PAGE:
Tuesday, June 21, 2016

A Tale of Two Gods?



In this corner, with the wizened face and long white beard, God, also known as Ancient of Days and sometimes as simply I AM. Aged, ancient, and some say, outdated. Audience, give it up for God in the white robe, the Old Testament God!

In this corner, with the scarred face and hands, smallish stature and nothing beautiful or majestic to attract us to Him, don't underestimate this Humble Servant, the Man of Sorrows, whose name is Jesus! Give it up for the man in the crimson-stained robe, the New Testament God!

Through this playful anecdote I hoped to bring to your mind a vivid picture of what I see as a problem today in the mainline churches. They try to say that there are two Gods, an "Old Testament God" and a "New Testament God." This reveals a basic misunderstanding of who God is in both testaments. He is the same God. The Old Testament God as He has revealed Himself is a holy God concerned with sin, redemption, and righteous living for the sake of His holy name. In many, many OT chapters, He reveals His profound love for His creation, man, in promising a better future and adhering to those promises again and again.

In the New Testament, God as He has revealed Himself through Jesus is a holy God concerned with sin, redemption, and righteous living for the sake of His holy name. While throughout many, many NT chapters, His Spirit reveals Jesus's profound love for man, His creation, in promising a better future and adhering to those promises again and again by dying on the cross and resurrecting, He also promises wrath. Just read Revelation. It could be just as factually stated that the 'OT God' is a God of love and the 'NT Jesus' is a God of wrath. Think about it.

In the entire bible there is wrath and there is love. There are plagues and there is redemption. There are covenants kept by God and broken by man. There are prophesies made, fulfilled, and to come and there is a hope and a future. There is no Old Testament God and there is no New Testament God. There is just I AM.

In the New Testament we see that the wrath of God is still “being revealed from heaven against all the godlessness and wickedness of men who suppress the truth by their wickedness” (Romans 1:18). The God who came to earth and cleansed the Temple with a bullwhip (Mark 11:15-19) is the same God who in the Old Testament "abounds in love and exceeding patience" (Exodus 34:6).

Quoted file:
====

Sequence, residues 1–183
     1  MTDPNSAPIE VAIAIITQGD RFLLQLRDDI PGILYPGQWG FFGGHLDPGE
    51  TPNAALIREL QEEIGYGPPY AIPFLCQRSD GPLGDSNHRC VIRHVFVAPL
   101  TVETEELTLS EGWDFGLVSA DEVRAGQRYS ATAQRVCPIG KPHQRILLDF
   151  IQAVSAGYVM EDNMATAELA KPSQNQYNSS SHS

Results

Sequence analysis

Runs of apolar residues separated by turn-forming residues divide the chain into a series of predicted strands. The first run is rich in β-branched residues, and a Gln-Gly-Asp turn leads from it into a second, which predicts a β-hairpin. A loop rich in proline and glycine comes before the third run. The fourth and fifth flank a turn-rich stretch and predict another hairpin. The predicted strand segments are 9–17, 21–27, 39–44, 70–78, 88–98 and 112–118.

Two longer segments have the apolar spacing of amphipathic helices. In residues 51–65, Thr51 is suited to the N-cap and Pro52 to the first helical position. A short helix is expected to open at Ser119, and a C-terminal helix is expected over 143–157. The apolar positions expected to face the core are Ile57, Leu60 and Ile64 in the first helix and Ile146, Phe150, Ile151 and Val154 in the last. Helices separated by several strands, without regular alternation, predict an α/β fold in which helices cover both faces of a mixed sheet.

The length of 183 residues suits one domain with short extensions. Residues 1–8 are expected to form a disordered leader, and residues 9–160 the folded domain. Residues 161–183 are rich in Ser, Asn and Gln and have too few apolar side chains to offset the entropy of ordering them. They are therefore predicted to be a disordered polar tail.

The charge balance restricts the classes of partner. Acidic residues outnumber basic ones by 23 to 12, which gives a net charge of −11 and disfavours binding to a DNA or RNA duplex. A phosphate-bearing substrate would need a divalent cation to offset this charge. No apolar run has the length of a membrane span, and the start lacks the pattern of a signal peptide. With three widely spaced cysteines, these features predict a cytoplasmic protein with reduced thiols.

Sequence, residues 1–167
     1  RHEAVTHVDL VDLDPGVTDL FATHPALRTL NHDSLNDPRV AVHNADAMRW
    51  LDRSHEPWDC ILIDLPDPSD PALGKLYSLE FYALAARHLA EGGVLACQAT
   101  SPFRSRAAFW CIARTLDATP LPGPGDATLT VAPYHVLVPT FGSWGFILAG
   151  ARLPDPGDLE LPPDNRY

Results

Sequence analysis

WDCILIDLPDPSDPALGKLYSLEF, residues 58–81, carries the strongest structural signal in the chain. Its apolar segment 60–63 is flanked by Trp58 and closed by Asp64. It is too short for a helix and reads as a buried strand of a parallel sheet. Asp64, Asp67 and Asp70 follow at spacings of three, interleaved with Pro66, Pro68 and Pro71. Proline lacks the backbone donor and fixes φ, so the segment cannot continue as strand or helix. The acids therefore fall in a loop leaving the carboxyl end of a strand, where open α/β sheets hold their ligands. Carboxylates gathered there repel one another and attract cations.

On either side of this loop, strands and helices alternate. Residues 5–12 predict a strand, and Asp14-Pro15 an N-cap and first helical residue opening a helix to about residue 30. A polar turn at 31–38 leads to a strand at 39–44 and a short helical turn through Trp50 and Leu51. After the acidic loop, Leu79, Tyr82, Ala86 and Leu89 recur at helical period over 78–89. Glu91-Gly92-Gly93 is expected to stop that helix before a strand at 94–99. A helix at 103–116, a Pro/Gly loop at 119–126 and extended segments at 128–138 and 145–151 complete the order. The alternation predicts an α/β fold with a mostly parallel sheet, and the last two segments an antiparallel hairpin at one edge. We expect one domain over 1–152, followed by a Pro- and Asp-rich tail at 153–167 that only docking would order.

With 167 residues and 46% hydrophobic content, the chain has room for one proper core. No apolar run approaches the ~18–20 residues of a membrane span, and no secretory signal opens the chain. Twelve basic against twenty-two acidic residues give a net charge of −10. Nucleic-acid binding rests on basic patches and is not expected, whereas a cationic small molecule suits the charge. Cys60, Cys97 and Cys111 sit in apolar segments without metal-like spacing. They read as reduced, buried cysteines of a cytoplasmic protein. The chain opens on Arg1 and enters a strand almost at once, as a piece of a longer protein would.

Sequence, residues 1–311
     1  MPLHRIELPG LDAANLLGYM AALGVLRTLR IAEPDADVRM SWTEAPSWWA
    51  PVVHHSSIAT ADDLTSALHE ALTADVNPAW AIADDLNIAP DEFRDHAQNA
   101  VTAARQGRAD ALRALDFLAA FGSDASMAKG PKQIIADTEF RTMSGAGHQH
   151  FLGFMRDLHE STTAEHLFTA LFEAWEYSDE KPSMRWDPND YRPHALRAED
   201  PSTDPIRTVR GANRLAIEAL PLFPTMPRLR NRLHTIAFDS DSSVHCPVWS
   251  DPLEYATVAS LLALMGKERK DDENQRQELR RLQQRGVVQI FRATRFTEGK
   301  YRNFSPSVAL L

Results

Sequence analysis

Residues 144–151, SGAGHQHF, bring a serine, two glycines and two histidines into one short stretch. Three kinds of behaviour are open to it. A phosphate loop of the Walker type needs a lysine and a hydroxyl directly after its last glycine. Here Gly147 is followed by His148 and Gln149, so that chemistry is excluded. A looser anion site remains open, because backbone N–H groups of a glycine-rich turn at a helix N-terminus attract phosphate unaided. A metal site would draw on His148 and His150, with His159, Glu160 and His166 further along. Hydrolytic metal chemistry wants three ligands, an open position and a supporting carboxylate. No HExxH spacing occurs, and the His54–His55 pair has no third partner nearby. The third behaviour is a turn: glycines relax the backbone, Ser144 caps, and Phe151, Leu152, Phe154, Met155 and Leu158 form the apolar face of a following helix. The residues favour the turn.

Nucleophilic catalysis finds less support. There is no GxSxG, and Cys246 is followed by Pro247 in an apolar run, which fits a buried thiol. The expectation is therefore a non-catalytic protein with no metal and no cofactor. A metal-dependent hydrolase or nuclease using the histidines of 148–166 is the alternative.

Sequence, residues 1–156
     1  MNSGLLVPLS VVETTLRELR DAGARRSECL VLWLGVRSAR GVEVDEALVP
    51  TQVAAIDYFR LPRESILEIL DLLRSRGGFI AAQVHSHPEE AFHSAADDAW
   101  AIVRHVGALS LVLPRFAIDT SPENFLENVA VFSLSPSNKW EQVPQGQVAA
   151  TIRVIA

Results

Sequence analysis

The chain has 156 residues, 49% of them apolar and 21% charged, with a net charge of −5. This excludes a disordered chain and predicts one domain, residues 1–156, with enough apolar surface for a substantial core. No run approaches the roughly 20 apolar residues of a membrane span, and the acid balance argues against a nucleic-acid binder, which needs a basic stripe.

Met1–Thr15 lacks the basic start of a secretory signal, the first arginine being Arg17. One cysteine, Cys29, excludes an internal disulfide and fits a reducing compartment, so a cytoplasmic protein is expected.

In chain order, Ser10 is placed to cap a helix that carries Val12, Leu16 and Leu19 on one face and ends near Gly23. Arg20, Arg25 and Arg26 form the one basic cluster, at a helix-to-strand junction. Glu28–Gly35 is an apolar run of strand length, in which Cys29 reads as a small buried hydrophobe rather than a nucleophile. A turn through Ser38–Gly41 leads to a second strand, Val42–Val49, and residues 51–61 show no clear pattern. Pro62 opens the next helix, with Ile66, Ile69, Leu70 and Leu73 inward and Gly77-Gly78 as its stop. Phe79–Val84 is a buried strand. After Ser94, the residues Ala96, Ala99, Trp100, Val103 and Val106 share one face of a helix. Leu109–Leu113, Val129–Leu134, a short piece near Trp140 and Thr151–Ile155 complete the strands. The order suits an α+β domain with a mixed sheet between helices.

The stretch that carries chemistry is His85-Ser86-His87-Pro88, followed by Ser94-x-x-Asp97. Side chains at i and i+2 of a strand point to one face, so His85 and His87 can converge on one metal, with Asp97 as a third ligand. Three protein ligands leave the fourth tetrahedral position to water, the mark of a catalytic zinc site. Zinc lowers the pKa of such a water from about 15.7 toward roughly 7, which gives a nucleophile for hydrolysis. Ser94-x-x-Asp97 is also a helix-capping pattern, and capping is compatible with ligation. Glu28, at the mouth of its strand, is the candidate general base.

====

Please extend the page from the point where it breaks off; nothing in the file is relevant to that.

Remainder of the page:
Though the Jesus of the New Testament is depicted all too unfortunately as a meek and mild, politically correct good teacher holding love-ins on the hill while making daisy chains, He was not. He directly confronted evil, He pointed fingers, He spoke hard sayings, and when the people left, and they did, (John 6:66) He let them go.

God is the same God as He lovingly and compassionately reveals Himself throughout the 66 books of the bible. He is love, He is wrath, but utmost, He is HOLY. His concern for His people is of our sin, and repentance. There is no comparative religion, there is only the superlative religion (L. Ravenhill). There is no OT God and no NT God, there is only God. He is unchanging.

"Every good gift and every perfect gift is from above, coming down from the Father of lights with whom there is no variation or shadow due to change". (James 1:15.)

And deep down, aren't we relieved that there is no difference in our God from one covenant to the next?

He reveals Himself to us in various ways. We know of Him through the the creation (Rom 1:18), directly person to person (Gen 3:8, Gen 5:22, Ex 33:11; Adam, Eve, Enoch, Moses), through the prophets, (Heb 1:1), through Jesus (Col 2:9), through his Spirit (2 Tim 3:16), through the Word (John 1:1-5). But though He reveals Himself in various ways, the qualities inherent in that revelation of Himself do not change from covenant to covenant, testament to testament. He remains the same.

If you find yourself saying "Old Testament God" stop for a moment and ponder the gravity of those words. He does not change. He reveals Himself to us as He does and as He will. Is it fair to say 'OT God' and 'NT God'? Is it right? Does it send a good message to hearers? It doesn't. "Jesus Christ is the same yesterday and today and forever." (Hebrews 13:8). "I the Lord do not change." (Malachi 3:6)


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